Summary: Arnold (also known as Junior) is a teenage boy living with his family on the Spokane Indian reservation. When he was born, he had too much cerebral spinal fluid in is brain. Doctors performed surgery to remove the fluid, but he has been left with lasting health problems that make him the target of constant harassment and bullying. After a confrontation with a teacher at the school on the reservation, Junior leaves the school and transfers to a high school in nearby Reardan, where he is the only Indian student. His best friend Rowdy feels betrayed and hurt that Junior is leaving him and lashes out at him. Junior’s transition to Reardan is difficult. Eventually, he starts to make friends and even gets a girlfriend named Penelope. As Arnold deals with tragedies like the deaths of his older sister and grandmother, he finds that he has the support and love of his new friends, and eventually patches up things with Rowdy as well.
Alexie, S., & Forney, E. (2007). The absolutely true diary of a part-time Indian. New York: Little, Brown and Company.
Impression: Alexie’s book won the National Book Award in 2007, and it is easy to see why. The book is based on Alexie’s own experiences, and he has definitely captured an authentic teenage boy voice. Alexie doesn’t shy away from discussing all the things that teen boys are interested in— bodily functions, teenage girls, etc.— but he never does it in a graphic or gratuitous way. Junior is an extremely sympathetic character. Anyone who has ever been bullied or harassed will connect with Junior’s struggles on the rez and at Reardan, and they will cheer when things start looking up for him. (I was especially moved that he and Rowdy started to repair their friendship at the end of the book.) Also, Junior is an aspiring cartoonist, and the cartoons Forney has created to accompany the text are spot-on.
The line between dramatic monologue, verse novel, and standup comedy gets unequivocally—and hilariously and triumphantly—bent in this novel about coming of age on the rez. Urged on by a math teacher whose nose he has just broken, Junior, fourteen, decides to make the iffy commute from his Spokane Indian reservation to attend high school in Reardan, a small town twenty miles away. He’s tired of his impoverished circumstances (“Adam and Eve covered their privates with fig leaves; the first Indians covered their privates with their tiny hands”), but while he hopes his new school will offer him a better education, he knows the odds aren’t exactly with him: “What was I doing at Reardan, whose mascot was an Indian, thereby making me the only other Indian in town?” But he makes friends (most notably the class dork Gordy), gets a girlfriend, and even (though short, nearsighted, and slightly disabled from birth defects) lands a spot on the varsity basketball team, which inevitably leads to a showdown with his own home team, led by his former best friend Rowdy. Junior’s narration is intensely alive and rat-a-tat-tat with short paragraphs and one-liners (“If God hadn’t wanted us to masturbate, then God wouldn’t have given us thumbs”). The dominant mode of the novel is comic, even though there’s plenty of sadness, as when Junior’s sister manages to shake off depression long enough to elope—only to die, passed out from drinking, in a fire. Junior’s spirit, though, is unquenchable, and his style inimitable, not least in the take-no-prisoners cartoons he draws (as expertly depicted by comics artist Forney) from his bicultural experience.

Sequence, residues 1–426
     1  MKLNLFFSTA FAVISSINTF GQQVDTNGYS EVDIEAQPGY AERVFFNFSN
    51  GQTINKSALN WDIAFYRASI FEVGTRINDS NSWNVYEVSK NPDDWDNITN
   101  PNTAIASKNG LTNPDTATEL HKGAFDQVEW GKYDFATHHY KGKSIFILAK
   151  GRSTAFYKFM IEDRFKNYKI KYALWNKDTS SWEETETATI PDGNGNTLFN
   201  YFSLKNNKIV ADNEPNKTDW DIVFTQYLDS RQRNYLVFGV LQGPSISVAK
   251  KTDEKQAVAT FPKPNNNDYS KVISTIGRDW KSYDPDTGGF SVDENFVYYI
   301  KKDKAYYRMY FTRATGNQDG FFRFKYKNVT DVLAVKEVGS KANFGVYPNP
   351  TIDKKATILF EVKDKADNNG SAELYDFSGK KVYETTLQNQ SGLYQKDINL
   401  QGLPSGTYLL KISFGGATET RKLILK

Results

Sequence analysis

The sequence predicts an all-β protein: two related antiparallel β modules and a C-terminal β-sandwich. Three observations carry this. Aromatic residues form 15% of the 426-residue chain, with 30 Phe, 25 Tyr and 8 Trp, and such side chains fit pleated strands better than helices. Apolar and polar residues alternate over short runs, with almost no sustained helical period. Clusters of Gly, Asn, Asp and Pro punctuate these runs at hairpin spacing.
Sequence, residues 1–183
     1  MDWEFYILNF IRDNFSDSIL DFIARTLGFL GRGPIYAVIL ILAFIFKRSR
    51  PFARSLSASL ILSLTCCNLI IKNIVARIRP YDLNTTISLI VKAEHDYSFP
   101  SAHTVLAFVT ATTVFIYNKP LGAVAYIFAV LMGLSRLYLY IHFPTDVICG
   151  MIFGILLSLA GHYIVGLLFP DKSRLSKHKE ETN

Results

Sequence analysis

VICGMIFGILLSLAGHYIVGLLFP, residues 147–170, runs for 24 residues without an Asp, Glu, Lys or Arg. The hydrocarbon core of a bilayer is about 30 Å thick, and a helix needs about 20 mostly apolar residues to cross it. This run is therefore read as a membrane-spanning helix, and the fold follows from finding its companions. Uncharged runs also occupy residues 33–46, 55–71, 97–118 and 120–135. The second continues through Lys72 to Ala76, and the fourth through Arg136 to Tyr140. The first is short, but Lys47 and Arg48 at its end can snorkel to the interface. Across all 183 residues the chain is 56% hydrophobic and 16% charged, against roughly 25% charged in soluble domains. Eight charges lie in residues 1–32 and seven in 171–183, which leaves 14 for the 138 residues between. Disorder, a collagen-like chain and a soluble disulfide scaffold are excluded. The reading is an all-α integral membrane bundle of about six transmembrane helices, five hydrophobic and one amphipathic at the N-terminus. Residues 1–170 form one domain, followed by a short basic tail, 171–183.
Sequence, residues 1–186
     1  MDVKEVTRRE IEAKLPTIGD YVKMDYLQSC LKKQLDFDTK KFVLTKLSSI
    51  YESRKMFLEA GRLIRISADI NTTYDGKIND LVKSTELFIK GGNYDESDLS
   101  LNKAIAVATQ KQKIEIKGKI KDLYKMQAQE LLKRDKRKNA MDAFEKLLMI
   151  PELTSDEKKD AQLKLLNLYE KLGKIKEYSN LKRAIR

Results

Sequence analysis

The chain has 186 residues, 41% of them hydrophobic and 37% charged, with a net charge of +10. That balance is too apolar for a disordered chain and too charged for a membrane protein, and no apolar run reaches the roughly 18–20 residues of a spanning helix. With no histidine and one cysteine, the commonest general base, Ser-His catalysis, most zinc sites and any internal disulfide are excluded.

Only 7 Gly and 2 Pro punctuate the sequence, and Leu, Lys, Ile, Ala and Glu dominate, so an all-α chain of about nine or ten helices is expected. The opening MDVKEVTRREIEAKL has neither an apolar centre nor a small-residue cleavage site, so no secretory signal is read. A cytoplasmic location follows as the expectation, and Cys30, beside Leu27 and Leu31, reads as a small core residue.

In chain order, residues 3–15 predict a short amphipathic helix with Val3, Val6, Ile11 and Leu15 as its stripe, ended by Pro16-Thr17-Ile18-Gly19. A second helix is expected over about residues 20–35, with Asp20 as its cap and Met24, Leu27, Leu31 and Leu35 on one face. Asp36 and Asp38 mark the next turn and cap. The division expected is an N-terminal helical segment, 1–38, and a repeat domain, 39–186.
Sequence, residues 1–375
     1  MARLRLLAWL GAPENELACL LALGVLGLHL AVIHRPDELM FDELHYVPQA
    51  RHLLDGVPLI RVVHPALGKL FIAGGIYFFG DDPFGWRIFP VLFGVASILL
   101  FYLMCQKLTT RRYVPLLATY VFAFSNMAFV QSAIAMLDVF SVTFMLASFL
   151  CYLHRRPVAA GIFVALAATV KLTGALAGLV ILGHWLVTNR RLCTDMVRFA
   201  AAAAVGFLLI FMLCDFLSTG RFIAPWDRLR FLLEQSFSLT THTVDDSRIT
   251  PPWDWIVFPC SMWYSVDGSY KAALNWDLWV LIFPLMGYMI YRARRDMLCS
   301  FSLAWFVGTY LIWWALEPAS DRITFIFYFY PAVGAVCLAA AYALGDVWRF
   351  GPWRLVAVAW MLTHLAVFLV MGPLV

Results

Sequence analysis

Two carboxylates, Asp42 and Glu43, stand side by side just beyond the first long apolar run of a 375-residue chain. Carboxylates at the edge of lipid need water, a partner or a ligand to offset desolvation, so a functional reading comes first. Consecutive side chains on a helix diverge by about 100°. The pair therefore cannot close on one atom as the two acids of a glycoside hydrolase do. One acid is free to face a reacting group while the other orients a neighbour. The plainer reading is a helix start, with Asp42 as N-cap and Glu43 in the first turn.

(2007, September/October). [Review of the book The absolutely true diary of a part-time Indian, by S. Alexie]. Horn Book Magazine, 83(5), 563-564. Retrieved from http://www.hbook.com/
Use in library: A library could use The Absolutely True Diary of a Part-Time Indian as part of a discussion on banned and challenged books.
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